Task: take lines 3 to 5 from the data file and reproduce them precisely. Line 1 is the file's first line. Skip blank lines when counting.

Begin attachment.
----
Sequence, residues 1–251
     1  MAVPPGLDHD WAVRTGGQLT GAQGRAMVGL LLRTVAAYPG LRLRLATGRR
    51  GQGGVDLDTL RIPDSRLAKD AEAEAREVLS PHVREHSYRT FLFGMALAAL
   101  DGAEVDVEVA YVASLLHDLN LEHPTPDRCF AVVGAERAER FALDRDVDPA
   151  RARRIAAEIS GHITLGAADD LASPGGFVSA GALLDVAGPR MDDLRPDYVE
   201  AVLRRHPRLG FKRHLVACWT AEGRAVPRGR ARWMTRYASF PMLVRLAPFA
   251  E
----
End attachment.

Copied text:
    51  GQGGVDLDTL RIPDSRLAKD AEAEAREVLS PHVREHSYRT FLFGMALAAL
   101  DGAEVDVEVA YVASLLHDLN LEHPTPDRCF AVVGAERAER FALDRDVDPA
   151  RARRIAAEIS GHITLGAADD LASPGGFVSA GALLDVAGPR MDDLRPDYVE